PLEASE NOTE! All articles here in this site are informative for common knowledge. Please study different sources for information and visit a local doctor.

 

HEPATITIS TREATMENTS

 

Hepatitis is a virus that causes the liver to become inflamed. There are five known types of hepatitis: A, B, C, D and E, however, only types A, B and C are common in the United States. The treatment a patient receives for hepatitis depends on the type of hepatitis being treated. Each type of hepatitis has a different treatment protocol. Each has its own hepatitis symptoms.

Hepatitis A is spread by person to person contact in restaurants or other settings. This is the type of hepatitis we usually read about in the newspaper. Although it can make adults quite ill, there is no treatment required because hepatitis A usually clears up on its own after several weeks, leaving the patient with lifetime immunity. Hepatitis B, the most serious form of the disease, is transmitted by infected blood or body fluids. This type can be spread by sexual activity or contaminated needles. If the patients system cannot clear the virus in its acute stage, it becomes chronic.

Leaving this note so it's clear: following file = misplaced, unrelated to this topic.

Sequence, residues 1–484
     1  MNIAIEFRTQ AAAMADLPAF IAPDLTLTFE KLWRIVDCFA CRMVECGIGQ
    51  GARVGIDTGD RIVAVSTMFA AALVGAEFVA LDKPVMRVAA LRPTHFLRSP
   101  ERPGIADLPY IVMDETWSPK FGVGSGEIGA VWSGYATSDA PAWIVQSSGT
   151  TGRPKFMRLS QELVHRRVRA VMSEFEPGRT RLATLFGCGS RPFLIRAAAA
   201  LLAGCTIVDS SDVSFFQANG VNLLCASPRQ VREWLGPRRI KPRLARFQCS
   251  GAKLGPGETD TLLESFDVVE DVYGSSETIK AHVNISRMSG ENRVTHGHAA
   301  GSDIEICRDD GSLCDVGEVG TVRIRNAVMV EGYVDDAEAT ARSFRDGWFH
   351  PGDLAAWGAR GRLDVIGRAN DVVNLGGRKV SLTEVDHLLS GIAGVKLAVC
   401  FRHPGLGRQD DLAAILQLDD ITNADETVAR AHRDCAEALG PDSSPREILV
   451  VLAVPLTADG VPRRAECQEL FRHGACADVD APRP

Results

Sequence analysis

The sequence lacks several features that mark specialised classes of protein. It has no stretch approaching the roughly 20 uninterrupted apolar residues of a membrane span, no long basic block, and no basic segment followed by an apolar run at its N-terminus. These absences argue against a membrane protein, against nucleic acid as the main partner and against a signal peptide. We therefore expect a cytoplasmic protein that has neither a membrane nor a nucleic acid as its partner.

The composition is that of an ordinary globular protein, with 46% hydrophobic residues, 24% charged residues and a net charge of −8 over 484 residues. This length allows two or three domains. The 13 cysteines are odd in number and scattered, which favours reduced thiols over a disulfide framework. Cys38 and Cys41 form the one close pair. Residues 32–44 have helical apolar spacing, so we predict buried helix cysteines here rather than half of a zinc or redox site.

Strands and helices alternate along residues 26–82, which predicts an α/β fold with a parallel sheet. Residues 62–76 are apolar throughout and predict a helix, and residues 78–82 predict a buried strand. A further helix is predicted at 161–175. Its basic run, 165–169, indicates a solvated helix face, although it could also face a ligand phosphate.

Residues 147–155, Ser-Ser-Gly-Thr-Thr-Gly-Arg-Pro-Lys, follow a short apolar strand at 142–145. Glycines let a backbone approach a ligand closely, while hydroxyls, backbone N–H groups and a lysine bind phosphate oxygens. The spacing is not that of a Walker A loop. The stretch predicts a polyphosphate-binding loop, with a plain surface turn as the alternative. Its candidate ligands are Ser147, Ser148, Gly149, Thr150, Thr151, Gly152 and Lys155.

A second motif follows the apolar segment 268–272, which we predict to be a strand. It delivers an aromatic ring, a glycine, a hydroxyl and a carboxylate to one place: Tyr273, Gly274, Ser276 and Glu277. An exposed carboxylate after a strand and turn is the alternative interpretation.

There is no treatment for acute hepatitis B. Two different approved treatments exist for chronic Hepatitis B, interferon and lamivudine. The most successful treatment is 4-6 months of interferon, which has a 35% success rate…

Hepatitis C is the most serious form Hepatitis, is also spread by needles, sexual contact and from mothers to unborn children. It can lead to cirrhosis or liver cancer. Interferon, alone and in combination with ribavirin, is used to treat Hepatitis C. Less than 40% of patients respond to treatment that may be given a second time. Because of its chronic nature, there are also many unproven, alternative treatments for Hepatitis C, the most common of which is the herb milk thistle.

Hepatitis D is usually a co-infection with Hepatitis B and is treated with interferon.

Hepatitis E is usually limited to travelers to developing countries. There is no known treatment. Vaccinations exist for Hepatitis A and B. The Hepatitis B vaccine also makes the patient immune to Hepatitis E. In all cases, the success rate with various treatments is relatively low, usually less than 40%. Regardless of type, the best protection against all forms of Hepatitis is cleanliness and the avoidance of risky behaviors where body fluids are exchange.



Comments

Comments are closed.